Matford was a car and truck manufacturer in France from 1934 to 1940.
In the 1930's, the Ford Motor Company was quickly expanding its European production. Before 1934,a front wheel drive version of Ford Model Y had been produced with an 8 hp engine under the marque Tracford. In 1934, Mathis had financial problems while Ford wanted to increase production and the Mathis plant in Strasbourg seemed to be more suitable than the one in Courbevoie where Tracford had been produced. A joint venture of Ford and Mathis was created under the name of S.A. Française Matford which copied the style of contemporary British and American Ford models and soon became one of the biggest competitors of Mathis. The plan had been to produce the Matford models alongside those from Mathis but in reality few of the latter were actually made.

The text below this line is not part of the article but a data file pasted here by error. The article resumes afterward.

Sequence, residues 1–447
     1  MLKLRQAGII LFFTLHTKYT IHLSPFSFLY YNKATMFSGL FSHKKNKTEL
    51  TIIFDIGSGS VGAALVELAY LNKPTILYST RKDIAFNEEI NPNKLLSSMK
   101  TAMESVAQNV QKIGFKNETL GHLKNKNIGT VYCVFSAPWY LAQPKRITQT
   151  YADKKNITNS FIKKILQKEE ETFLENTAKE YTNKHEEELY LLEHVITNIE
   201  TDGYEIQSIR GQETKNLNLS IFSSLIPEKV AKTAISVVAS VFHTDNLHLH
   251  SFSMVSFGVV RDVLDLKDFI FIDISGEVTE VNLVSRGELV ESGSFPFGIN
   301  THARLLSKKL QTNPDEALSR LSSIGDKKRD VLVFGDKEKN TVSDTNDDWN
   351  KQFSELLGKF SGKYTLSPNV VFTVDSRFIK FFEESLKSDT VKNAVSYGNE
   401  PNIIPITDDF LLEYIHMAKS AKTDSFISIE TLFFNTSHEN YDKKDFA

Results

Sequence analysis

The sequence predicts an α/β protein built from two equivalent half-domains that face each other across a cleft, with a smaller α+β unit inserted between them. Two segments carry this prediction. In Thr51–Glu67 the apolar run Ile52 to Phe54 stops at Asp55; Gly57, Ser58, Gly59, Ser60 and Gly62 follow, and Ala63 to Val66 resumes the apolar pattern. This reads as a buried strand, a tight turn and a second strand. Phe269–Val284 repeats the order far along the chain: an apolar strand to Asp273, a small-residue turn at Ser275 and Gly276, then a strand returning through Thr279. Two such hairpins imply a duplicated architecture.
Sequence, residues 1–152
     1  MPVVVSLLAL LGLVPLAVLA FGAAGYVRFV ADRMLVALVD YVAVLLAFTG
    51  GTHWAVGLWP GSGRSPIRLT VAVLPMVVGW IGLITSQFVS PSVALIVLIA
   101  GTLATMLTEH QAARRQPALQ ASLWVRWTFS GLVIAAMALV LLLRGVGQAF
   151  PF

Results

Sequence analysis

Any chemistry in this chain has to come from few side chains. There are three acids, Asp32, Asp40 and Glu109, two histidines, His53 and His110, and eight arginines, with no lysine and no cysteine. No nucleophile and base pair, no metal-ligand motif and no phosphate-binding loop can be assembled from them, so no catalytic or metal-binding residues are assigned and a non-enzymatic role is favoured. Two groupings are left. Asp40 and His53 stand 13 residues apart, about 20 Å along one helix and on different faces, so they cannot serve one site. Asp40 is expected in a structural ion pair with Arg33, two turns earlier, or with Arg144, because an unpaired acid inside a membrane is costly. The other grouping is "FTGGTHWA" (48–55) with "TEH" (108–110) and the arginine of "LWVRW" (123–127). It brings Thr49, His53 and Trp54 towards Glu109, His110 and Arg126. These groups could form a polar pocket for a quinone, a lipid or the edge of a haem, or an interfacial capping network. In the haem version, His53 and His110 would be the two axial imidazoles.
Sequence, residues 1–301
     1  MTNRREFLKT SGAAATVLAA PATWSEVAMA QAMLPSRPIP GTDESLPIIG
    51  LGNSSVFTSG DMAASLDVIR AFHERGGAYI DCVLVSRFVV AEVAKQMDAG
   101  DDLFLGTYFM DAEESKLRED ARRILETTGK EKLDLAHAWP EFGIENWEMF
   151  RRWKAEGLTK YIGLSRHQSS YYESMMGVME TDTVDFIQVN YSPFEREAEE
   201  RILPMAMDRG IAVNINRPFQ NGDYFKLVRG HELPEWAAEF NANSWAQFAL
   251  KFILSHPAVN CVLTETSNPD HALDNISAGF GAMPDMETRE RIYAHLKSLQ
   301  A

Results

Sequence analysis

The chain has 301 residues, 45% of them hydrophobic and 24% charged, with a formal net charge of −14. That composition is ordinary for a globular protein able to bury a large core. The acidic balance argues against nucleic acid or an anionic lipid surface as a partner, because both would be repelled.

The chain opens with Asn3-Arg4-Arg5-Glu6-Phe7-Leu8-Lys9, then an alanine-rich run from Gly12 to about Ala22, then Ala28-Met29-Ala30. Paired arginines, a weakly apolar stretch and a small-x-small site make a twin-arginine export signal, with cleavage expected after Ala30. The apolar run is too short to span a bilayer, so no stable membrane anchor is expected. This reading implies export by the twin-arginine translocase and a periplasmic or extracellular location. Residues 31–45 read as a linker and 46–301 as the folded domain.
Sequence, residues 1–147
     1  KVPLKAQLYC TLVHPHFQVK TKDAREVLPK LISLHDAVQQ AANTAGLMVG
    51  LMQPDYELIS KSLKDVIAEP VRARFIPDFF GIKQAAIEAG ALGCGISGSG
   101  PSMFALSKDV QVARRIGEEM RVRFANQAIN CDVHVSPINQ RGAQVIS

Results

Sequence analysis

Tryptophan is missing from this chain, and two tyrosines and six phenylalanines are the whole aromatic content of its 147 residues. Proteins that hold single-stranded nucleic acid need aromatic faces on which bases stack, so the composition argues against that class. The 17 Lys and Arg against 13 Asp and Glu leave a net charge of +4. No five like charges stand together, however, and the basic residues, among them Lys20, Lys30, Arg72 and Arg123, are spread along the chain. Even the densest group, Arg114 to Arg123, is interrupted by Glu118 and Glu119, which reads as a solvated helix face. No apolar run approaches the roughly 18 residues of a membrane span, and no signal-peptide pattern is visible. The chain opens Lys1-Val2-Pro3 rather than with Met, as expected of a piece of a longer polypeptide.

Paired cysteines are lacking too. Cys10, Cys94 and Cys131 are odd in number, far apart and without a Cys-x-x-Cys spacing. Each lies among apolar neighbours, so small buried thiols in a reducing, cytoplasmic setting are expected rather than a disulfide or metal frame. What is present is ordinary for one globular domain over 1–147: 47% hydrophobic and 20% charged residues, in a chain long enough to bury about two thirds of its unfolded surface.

Mathis production stopped in 1935 and a range of V-8 engined Matfords was put on the market which were very similar to the American Ford Model 48s with their V-8 3622cc engines. A unique French design appeared in 1936 with a choice of a 2.2 or 3.6 litre V-8 engine. The 1937 models featured a V-shaped windscreen and a cabriolet was also launched joined in 1938 by an estate car. Matford ceased car production in 1940 with the build up of truck orders for the French army. Because of its proximity to the German border the Strasburg factory was moved while a new one opened at Poissy near Paris in 1939 and the links with Mathis were severed.
The firm was reorganised in 1940 under the name Ford Société Anonyme Française and this company used the Ford trademark instead of Matford.
Matford cars achieved success at the Coupe de Dames (1936) and at Monte Carlo (1938).
Source: Reg J. Prosser